The Economic Outlook for 2011

Article excerpt

The information in this forecast is gathered by The Journal from sources it considers reliable. Neither The Journal nor the individual institutions providing the data guarantee accuracy; nor do any of them warrant in any way that use of the data appearing herein will enhance the business or investment performance of companies or individuals who use them. Jack Malehorn is a professor at Georgia Military College (M i I led g evi I Ie, Georgia). He is on the Editorial Review Board to the Journal of Business Forecasting. He has worked as President and CEO of The Black Hill Manufacturing Co., and COO of NorCom Advanced Technologies. He has also worked as Chief Economist for United Telephone Company of Pennsylvania and New Jersey, which is an operating company of Sprint. He has taught as an Adjunct Professor at Johns-Hopkins University, Graduate School of Business. For any comments and suggestions, contact him by email at

PARTICIPANTS | Conf Board = Conference Board, New York, New York; Global Insight = Global Insight, Eddystone, Pennsylvania; GSU - EFC = Georgia State University, Economic Forecasting Center, Atlanta, Georgia; Moody's Economy = Moody's, Westchester, Pennsylvania; Mortgage = Mortgage Bankers Association, Washington, D.C.; NAM = National Association of Manufacturers, Washington, D.C.; Northern Tr= Northern Trust Company; Chicago, Illinois; Perryman Gp =The Perryman Group, Waco, Texas; S&P = Standard & Poors, New York, New York; US Chamber - U.S.Chamber of Commerce, Washington, D.C.; Wells Fargo = Wells Fargo Bank, San Francisco, California.

"It was the best of times, it was the worst of times..." is the opening line in Charles Dickens classic, A Tale of Two Cities.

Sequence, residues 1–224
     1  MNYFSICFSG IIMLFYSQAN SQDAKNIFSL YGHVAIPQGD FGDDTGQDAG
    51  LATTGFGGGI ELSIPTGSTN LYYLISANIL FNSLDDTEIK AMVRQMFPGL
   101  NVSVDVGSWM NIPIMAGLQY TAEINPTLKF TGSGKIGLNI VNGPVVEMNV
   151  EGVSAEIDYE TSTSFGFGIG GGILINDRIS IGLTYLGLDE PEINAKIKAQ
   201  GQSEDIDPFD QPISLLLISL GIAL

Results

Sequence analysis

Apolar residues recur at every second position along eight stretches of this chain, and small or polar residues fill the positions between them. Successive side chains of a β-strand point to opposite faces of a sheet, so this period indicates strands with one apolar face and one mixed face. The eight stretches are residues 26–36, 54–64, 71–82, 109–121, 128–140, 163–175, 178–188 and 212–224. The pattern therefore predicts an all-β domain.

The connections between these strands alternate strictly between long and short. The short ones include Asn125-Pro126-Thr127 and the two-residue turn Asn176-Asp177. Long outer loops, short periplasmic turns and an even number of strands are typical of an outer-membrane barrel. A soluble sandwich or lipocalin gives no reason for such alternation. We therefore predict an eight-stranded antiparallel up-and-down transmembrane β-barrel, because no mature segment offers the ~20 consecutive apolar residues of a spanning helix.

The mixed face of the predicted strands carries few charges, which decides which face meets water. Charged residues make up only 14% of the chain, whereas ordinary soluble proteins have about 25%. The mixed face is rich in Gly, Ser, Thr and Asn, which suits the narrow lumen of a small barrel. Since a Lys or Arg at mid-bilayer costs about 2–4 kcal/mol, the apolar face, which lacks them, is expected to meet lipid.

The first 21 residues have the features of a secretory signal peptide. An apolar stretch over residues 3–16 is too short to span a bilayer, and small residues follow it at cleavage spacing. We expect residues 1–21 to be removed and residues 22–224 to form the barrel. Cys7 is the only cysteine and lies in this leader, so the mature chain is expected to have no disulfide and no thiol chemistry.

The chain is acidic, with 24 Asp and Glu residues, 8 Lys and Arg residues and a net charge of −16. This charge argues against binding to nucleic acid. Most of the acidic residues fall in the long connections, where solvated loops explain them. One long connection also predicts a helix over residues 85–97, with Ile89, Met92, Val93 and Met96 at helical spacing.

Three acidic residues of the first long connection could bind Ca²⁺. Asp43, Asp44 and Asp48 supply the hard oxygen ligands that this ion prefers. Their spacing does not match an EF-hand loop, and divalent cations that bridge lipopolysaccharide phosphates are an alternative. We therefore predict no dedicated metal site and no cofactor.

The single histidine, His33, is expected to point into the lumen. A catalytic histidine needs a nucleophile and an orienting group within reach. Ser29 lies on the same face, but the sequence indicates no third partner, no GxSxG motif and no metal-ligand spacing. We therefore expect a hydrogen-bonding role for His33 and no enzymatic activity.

It seemed appropriate to mention the Charles Dickens classic as the salient theme in this quarter's economic outlook. Given the immense uncertainty surrounding the state of the economy, you would naturally expect quite divergent points of view unfolding. True, I cannot really find anyone who argues a glowing and positive assessment of the nation's economy; still, there are those who believe we are not far removed from a more robust recovery than presently experienced. On the other hand, there exists a contingent with a far less sanguine point of view. Let us proceed to the analysis....

Dr. Rajeev Dhawan, Director of the Economic Forecasting Center at Georgia State U niversity's J. Mack Robinson College of Business wrote in his quarterly Forecast of the Nation an article entitled, "Abnormality: The Economy's New Normal." In it, he paints a compelling case of an apparent structural shift that has occurred in the economy. Dhawan says, "The new normal in the nation's economy is the abnormal and we have to make peace with it." As such, using as reference points historical economic experiences for comparison purposes is futile. The reason for his pessimism is linked to depressed home values, ballooning entitlements, the divided political arena, and a shaky banking system. Bottom line: Dhawan believes real economic growth, i.e., real GDP will be far below annual growth rates we had become accustomed to during the mid-90s until recently. Dhawan continues: Another abnormality the country will be living with stems from adoption of the second phase of the Fed's quantitative easing, or QE2, strategy of buying treasury bonds, or "printing money" as he called it. Facing an economy resting on the edge of a deep precipice, the so-called double dip recession, the Fed must provide adequate liquidity. "Although it did spark a stock market rally, which was the intended effect, it also resulted in a simultaneous drop in the dollar." Dhawan said the QE2 strategy will help the economy indirectly by raising inflationary expectations, which will boost the equity market. Furthermore a weak dollar will boost exports, especially to emerging markets. These factors, said Dhawan, will hopefully increase CEO confidence, which will be the key to investment and job creation. …


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